–Frislanda, a fictional island that had been included in maps for over a century
-The politically charged ‘beaver maps’
Below are the images I took.
We were shown where their onsite collection was housed. The collection contained images, films, books, scripts, soundtracks, etc.The FRL has one of the largest English Canadian film collections in the world. Their collection includes the archives of various figures and groups from Canadian film.
They also have exhibits on display.
In their reading room for patrons, they presented a display of their materials to us. Below* is a sample of what they showed us. The highlight for me was discovering a cookbook inspired by Gone with the Wind.
*These pictures were taken and posted with permission.
The M&DC had different kinds of globes, including ones about the solar system. The raised-relief ones appealed to me, which represented the elevation of the world by having its surface shaped to reflect the heights (i.e. it wasn’t flat or smooth). With my images, you can see how high the Himalayas are compared to India. It’s incredible to see how far the mountains go. Next, you can see the deserts and mountains in Saudi Arabia and Yemen.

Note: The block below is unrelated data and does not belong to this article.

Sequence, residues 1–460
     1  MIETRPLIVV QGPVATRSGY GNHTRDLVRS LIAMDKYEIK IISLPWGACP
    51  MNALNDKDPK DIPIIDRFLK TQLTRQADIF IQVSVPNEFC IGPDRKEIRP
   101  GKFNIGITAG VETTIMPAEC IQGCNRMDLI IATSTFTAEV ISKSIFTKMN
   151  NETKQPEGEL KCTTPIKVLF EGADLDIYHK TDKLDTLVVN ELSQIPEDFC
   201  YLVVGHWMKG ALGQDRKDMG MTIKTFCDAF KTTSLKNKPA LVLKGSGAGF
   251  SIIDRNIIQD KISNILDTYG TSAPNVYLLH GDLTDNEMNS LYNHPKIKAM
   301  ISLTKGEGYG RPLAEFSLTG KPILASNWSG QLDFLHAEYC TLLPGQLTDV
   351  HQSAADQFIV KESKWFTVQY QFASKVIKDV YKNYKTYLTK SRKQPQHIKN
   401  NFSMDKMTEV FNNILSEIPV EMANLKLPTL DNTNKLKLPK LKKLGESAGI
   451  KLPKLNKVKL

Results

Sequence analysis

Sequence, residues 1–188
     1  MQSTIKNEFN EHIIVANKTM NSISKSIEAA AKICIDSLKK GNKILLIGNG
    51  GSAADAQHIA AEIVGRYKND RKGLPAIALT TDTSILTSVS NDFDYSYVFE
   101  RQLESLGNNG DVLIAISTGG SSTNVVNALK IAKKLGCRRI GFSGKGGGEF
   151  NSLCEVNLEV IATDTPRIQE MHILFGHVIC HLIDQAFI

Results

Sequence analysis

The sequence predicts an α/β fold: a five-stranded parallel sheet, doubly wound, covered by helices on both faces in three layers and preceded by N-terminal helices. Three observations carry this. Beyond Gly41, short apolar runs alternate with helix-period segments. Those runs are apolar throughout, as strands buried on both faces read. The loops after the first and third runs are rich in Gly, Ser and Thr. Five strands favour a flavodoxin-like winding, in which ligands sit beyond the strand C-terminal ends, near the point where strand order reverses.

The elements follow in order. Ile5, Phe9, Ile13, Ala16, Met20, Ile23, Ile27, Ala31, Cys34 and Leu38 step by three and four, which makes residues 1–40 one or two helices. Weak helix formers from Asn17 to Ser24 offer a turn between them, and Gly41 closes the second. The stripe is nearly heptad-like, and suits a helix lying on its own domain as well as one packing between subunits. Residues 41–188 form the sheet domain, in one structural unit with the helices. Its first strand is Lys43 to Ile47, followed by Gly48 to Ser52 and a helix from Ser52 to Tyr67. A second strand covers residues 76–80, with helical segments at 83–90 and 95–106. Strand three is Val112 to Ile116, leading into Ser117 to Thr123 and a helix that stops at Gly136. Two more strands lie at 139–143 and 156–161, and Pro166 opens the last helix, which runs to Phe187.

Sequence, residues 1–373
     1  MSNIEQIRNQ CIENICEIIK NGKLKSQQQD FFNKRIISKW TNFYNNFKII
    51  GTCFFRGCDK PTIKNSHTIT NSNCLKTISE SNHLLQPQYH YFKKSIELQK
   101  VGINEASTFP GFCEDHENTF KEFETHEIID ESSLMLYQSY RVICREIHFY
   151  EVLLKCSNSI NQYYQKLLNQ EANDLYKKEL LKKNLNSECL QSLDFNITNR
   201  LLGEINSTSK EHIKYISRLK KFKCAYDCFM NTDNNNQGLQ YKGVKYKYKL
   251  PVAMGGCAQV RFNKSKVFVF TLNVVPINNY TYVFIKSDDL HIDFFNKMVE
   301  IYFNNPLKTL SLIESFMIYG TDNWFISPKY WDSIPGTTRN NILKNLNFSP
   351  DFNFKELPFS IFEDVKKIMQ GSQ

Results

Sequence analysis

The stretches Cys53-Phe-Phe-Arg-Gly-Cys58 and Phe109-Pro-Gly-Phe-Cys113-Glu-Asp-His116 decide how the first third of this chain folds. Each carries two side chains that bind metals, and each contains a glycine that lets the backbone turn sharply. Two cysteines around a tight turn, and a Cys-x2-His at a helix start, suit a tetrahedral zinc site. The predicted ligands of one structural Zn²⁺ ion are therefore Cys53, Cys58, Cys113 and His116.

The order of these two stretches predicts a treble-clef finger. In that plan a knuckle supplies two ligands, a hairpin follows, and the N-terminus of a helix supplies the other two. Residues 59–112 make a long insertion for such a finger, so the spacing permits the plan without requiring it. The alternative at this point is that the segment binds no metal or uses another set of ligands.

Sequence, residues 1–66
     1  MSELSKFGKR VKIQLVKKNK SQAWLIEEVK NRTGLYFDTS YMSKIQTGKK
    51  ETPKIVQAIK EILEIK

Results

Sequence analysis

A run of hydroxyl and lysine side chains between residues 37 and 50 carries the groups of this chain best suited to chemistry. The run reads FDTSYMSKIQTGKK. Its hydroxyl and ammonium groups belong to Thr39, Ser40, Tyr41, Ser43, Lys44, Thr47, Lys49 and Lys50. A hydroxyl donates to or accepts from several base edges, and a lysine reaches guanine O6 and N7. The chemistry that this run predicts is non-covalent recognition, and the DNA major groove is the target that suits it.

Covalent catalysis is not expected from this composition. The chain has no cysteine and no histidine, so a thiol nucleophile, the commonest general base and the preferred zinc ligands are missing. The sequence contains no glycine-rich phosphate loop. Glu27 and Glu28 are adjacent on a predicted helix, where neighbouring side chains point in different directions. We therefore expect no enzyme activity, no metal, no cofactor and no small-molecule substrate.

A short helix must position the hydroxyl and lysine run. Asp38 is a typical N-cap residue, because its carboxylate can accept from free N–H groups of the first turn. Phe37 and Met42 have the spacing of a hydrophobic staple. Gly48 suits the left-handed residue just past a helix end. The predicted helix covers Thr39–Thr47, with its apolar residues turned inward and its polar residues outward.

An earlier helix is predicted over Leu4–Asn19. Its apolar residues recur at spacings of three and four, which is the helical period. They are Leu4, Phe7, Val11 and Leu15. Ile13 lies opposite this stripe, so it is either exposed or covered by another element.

There is a diverse range of atlases. If you search your library catalog with “Atlas of,” you will find that many topics are covered. Just as an example, in the photo below, the titles are about the historical atlases of Britain, a satellite atlas of Croatia and the surface temperatures of various European countries.
I went on a tour of the law library at Western University. Below are some of the pictures I took recently.
The first photo shows the stairs you climb to get into the library. When you enter, you are on the top floor. The first thing you notice is the stained glass window on the other side of the room.
On the second and third floor, I found some surprising features. The stacks have numbers for the rows, making it easier for patrons to locate items other than using a call number. Perhaps other libraries should adopt this. It is also the only library I know that has gaps in its floors (see the fourth image, where you can see the stacks downstairs).
The third floor had compact shelves which were automated. I had only ever seen manual ones before.
John Sadler, the director, led the tour and also gave us insight on the future of the library. The Bitove Law Library was moving much of its print materials offsite and digitizing it. The library posted a job ad all about moving and rearranging materials. They are planning on using the new space for patrons.
Sadler also told us about some amazing law resources: Real Property Reports (RPR) and Dominion Law Reports (DLR), which essentially highlight and summarize cases and decisions made by the courts. These are generally a part of the reference collection.